Through Music, Caesar Says Thanks
Music has the power to say more than any spoken language. On the Monday of Thanksgiving week in the atrium of the Clinical Center at the National Institutes of Health, a 14-year old boy used music to find a memorable way to say thank you. And he intends to do it every year at the place that gave him back his life.
A year ago, Caesar Sant was staying at The Children’s Inn as he recovered from a life-saving bone marrow transplant provided by his younger sister. Caesar was born with sickle cell anemia, a red blood cell disorder that affects hemoglobin, the protein that carries oxygen through the body. The successful transplant was the culmination of a lifetime searching for a cure, a lifetime marred by pain and multiple strokes but enriched when he discovered a love of – and talent for – music. You can read Caesar’s story – how he refused to let his life be defined by his diagnosis and became a precocious violin prodigy by the time he turned four – here.
Caesar is now disease-free. The transplant was a success, and his cells are all perfectly healthy. He still walks with a limp and is engaged in ongoing physical therapy that will help correct that, but the transplant gave him a new lease on life and left him with what seems like a permanent smile.
Since his transplant, his music has taken center stage under some of the brightest lights in the United States. In May, The Children’s Inn hosted An Evening For Hope, its annual gala to support the mission of The Inn to provide “a place like home” to children, teens, and young adults with rare and serious diseases whose best hope for a diagnosis or treatment is an NIH clinical research study. The star of the show was Caesar, performing for more than 400 people in attendance and earning multiple standing ovations.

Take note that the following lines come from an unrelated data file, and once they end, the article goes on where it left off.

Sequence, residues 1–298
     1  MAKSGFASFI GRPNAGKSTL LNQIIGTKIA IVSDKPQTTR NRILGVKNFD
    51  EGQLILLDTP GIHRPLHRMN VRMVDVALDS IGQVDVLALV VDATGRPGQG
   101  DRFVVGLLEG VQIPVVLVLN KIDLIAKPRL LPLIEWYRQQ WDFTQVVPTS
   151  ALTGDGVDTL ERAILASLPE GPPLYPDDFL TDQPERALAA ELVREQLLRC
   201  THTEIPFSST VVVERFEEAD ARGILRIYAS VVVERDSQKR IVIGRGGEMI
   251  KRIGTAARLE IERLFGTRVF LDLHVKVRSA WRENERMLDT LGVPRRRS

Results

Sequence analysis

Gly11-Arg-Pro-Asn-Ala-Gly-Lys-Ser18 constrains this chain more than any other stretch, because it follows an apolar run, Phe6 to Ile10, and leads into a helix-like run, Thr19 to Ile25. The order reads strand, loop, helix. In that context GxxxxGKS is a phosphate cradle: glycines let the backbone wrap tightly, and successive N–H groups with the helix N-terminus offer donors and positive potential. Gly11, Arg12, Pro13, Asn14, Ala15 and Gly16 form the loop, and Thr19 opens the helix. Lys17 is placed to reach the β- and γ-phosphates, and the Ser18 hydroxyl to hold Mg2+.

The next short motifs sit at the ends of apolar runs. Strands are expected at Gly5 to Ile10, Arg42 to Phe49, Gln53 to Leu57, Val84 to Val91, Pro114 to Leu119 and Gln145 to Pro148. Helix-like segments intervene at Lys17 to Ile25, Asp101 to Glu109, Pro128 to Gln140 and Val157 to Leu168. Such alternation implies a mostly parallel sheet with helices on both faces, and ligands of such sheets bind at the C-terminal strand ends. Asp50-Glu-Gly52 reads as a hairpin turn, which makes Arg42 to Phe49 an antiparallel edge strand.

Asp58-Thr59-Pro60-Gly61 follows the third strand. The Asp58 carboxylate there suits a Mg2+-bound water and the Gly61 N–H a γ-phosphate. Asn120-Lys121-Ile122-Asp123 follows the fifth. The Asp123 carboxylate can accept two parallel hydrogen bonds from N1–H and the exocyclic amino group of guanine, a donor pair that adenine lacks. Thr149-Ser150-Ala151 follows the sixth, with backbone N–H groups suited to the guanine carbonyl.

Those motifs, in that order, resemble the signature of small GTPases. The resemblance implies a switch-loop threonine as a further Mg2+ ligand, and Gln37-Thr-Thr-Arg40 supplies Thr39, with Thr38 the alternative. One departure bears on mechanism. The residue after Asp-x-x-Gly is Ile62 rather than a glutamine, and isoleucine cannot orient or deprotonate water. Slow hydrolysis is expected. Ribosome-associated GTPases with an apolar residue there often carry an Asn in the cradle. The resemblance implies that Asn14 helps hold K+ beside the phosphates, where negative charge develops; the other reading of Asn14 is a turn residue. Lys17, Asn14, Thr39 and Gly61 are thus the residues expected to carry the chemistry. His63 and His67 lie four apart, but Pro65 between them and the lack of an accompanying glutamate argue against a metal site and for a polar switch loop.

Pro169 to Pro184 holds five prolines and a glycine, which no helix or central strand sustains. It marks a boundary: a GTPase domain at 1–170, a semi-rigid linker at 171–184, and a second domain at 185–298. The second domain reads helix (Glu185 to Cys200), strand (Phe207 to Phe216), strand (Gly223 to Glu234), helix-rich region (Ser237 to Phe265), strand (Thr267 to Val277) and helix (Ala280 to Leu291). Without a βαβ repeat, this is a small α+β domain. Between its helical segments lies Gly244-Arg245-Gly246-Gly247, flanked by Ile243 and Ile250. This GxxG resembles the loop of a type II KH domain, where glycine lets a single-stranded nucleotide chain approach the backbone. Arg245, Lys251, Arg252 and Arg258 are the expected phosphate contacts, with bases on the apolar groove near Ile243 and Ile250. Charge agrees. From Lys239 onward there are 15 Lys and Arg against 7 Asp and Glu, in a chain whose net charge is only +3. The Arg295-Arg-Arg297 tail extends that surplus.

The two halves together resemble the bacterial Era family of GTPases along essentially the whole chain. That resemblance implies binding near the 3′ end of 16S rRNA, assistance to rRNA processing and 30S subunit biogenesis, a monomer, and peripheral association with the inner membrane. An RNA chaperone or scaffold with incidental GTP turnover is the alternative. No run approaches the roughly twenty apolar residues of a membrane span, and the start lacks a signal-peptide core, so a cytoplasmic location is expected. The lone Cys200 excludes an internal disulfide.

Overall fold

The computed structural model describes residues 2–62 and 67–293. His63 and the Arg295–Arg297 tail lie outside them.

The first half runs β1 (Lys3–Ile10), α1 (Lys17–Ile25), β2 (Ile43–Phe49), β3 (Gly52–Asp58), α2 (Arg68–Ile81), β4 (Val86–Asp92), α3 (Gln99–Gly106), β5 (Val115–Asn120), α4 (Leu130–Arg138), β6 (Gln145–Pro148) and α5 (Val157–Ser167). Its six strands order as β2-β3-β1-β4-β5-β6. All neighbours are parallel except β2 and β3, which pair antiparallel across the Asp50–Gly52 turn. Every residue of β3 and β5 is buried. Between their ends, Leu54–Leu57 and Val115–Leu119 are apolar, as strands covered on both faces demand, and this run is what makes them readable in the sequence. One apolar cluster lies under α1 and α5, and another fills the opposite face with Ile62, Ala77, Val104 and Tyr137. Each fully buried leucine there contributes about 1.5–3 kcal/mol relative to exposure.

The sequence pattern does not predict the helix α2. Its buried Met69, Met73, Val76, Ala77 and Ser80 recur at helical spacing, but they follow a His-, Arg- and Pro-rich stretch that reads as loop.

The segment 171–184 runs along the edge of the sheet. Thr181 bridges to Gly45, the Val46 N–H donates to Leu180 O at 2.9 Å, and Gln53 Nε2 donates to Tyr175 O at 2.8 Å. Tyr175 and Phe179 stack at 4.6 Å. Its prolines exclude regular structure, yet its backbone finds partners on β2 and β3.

In October, Caesar found himself on stage at the Kennedy Center in Washington, D.C., one of the most prestigious performing venues in the United States. He took part in an event called NSO Sound Health, a National Symphony Orchestra initiative that focuses on the intersection of music and wellness.
The lights were not quite so bright on Monday in the atrium of the NIH Clinical Center, but to Caesar and his family, it was the most meaningful show he had performed since his transplant. Caesar, accompanied by post-baccalaureate fellow Robert Masi on piano and former director of the NIH Dr. Francis Collins on guitar, played five selections ranging from Bach and Beethoven to John Williams.
A crowd gathered, some unaware of the performance until they were walking through on their way in or out of the massive building. All of them, though, were captivated by Caesar’s presence and his performance. For him, this was a way of saying “thank you” to the people and the place that had saved his life, and he viewed it as the start of a tradition.
“Every Thanksgiving week, we will be right here,” said Caesar’s father Lucas. He and Caesar made the trip down from Rhode Island, as they had done so often for stays at The Children’s Inn and treatments at the Clinical Center. “It’s easy to say thank you.” Maybe so, but Caesar’s unforgettable performance was a long time and a lot of hard work in the making.